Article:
We interviewed some of our favorite chefs at the Thanksgiving Test Kitchen. Here are our findings. Clockwise from top left: Amanda Freitag, Johnny Iuzzini, Sean Brock, Harold Dieterle, Jeff McInnis, Gavin Kaysen.

We interviewed a TON of chefs this pre-Thanksgiving season! And would you believe it, they all had really good advice for making the perfect Thanksgiving dinner. These tips will keep you going strong from the days leading up until many days and sandwiches after.

What does Dale Talde do to…uh, with his leftovers? How long does Jeff McInnis brine his bird? The answers to these and more, below.

Amanda Freitag on roulades: “It’s the best way to do it. You don’t have to deal with carving. For leftovers it’s amazing, because you can slice off whatever you want and just leave it.”

Jeff McInnis on brining: “The longer you brine it the better, but you don’t want to do it too long so it doesn’t get salty. But a three-day brine would be awesome, maybe two days. At the restaurant we brine our chicken (3-5 lbs) for a day and that really comes in perfectly, so if you have a 10-pound bird, go for two days, or a 15- to 20-lb. bird, shoot for three days.”

Aliya LeeKong on heritage birds: “It took a heck of a lot longer than I expected it to cook. It took longer than your typical one-hour, whatever per each pound. It’s not often that you’re roasting a whole turkey and you get to try it out. I happened to try it out that day because I figured I’d just keep checking the temperature. There was a good hour-and-a-half where we were all like, ‘Is this going to cook?'”

Thomas Lents on sous-vide: “I’ve tried a whole turkey sous-vide, which pretty much required finding a bag to fit a whole turkey, which took awhile, but it worked out pretty well. The issue is reheating and roasting, but I brined it and sous-vided the whole turkey and then roasted it in a really hot oven and it came out really well.”

Josh Eden: “String beans with garlic, but cold. Fried garlic, string beans, salt and sugar: it should taste a little bit like day-old Chinese food. What’s better than Chinese food cold the next day?”

Johnny Iuzzini: “I like to mess with vegetables a lot. I’m going to do this chocolate and beet dessert – I take beet juice, make a frozen parfait out of it, and sit it on top of a super-spiced chocolate streusel, a bitter chocolate gel, yogurt powder, beet greens and some hibiscus. They’re both very organic flavors and really flow together.”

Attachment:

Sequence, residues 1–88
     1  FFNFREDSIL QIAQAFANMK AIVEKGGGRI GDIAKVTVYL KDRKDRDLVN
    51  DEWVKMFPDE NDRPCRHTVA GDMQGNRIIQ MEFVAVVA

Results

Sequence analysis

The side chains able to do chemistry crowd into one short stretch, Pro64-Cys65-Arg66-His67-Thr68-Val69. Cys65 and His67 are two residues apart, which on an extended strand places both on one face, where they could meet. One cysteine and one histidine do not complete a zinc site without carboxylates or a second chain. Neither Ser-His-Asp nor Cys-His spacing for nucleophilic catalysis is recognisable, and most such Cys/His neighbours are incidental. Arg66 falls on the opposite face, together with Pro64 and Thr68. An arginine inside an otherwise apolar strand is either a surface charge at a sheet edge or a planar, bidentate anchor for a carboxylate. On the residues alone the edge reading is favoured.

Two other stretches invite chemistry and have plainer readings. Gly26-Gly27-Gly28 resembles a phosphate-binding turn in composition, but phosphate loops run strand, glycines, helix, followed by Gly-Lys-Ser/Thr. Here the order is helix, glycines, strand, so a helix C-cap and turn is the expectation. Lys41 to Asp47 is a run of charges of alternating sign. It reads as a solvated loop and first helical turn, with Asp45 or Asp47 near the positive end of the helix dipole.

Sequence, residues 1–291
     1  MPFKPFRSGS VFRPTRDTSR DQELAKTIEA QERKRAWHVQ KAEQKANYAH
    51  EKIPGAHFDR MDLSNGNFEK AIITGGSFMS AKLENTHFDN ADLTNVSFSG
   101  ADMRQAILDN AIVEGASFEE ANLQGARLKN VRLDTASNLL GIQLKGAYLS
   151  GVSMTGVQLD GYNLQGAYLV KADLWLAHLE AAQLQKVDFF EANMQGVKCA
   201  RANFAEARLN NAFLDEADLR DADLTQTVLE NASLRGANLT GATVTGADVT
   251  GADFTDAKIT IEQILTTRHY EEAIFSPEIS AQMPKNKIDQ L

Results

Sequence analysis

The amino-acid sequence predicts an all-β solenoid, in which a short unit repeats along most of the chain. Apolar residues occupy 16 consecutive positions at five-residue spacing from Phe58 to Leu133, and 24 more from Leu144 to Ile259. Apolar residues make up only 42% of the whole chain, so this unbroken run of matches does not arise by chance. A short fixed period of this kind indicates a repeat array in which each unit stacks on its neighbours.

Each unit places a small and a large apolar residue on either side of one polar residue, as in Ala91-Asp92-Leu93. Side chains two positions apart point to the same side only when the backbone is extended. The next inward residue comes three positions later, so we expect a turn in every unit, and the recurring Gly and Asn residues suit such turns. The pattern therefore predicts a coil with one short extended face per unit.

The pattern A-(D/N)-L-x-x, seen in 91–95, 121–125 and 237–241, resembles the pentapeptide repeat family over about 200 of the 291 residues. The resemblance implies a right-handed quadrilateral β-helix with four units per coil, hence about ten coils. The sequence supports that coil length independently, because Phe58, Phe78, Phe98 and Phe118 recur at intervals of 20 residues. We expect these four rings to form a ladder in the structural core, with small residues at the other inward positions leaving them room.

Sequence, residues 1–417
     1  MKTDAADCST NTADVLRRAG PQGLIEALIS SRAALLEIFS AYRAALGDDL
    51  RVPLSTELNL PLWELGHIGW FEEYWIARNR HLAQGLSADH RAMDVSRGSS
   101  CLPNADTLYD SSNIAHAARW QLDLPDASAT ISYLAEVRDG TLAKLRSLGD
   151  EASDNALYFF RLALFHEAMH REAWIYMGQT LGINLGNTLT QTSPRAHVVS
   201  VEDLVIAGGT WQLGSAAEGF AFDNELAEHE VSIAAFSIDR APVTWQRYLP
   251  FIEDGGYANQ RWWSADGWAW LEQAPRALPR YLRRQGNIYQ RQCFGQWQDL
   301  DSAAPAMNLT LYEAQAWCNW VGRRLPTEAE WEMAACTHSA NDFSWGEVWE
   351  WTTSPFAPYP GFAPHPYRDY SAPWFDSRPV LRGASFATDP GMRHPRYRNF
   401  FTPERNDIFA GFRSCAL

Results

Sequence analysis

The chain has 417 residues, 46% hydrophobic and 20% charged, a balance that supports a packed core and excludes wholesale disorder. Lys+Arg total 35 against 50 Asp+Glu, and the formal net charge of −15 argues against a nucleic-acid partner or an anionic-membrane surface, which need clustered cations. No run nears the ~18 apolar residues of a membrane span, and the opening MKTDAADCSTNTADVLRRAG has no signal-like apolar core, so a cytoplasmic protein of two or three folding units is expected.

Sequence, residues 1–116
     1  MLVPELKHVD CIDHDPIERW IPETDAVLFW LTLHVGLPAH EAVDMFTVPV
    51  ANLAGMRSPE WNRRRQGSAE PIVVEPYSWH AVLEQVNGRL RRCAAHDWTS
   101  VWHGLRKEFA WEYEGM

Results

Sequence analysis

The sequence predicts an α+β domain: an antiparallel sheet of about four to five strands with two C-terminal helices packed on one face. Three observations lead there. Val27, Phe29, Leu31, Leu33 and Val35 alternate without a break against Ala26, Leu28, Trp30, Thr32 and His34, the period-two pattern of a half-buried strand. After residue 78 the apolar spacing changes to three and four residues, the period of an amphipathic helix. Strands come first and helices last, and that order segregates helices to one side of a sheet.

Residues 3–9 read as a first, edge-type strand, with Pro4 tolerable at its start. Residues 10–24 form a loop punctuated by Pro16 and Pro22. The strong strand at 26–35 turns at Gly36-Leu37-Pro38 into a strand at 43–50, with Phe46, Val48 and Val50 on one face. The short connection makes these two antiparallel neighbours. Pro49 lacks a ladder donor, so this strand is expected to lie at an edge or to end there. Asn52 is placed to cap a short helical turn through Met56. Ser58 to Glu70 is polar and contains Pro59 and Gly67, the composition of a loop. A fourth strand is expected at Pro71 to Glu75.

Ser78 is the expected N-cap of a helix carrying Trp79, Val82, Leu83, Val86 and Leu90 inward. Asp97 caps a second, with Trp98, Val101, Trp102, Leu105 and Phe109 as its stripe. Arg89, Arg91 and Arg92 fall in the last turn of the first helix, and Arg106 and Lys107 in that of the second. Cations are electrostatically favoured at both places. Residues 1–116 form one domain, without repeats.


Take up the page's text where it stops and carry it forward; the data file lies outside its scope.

Gavin Kaysen: “So when you eat at Café Boulud, everybody gets a bag of leftovers. I started the year we opened Thanksgiving. We call it turkey to go. We make everything fresh. I order 40 turkeys for the restaurant and then 16 turkeys for the leftovers.”

Susan Spicer: “It’s easy in Louisiana: turkey gumbo!” 

Dale Talde: “My favorite is the all-in-one bowl. Instead of making a rice or salad bowl, just load everything and chop it all up. Everything is almost to the point where you can’t distinguish what anything is.”

Mike Price: “Pullman loaf, sliced turkey, little bit of stuffing on there with cranberry sauce and a shot of gravy. Hot, wet. Dip the sliced turkey into the gravy and then put it on the sandwich.”

Noah Bernamoff: “I’d do a leftover turkey knish – that sounds good. It’s already a potato-based thing, so just take the sweet potato or squash, throw some turkey bits in or even some cranberries, and that sounds good to me. Even some shredded brussels sprouts.”

Sean Brock: “I’m terrible. What I’ll do – because I’m addicted to it – is take really good ramen noodles and the turkey stock, and add kelp and katsuobushi to it and make like a turkey dashi. You shred the turkey, crisp up the skin and put it on the top with poached egg and fresh vegetables. So good. Crazy! Like a turkey ramen bowl.”

Harold Dieterle: “You have to have a boss; someone who is leading. A potluck is all cool and fine if everybody is bringing a dish and heating it up and serving it. But if that’s not the case and everyone is cooking together there has to be a boss in the kitchen, and the boss needs to let everyone know that everything has a home and where it goes.”

Mourad Lahlou: “One year, I was so sick and tired of  turkey I took a suckling pig, deboned it, rolled it and confit the whole thing and roasted it in the oven. It was the most delicious Thanksgiving ever.”

Sam Sifton: “One of the keys to Thanksgiving is having good turkey stock with you at all times. You can use it to refresh the meat, you can use it to moisten the stuffing, you can do pretty much anything with it, including making your house smell pretty good.”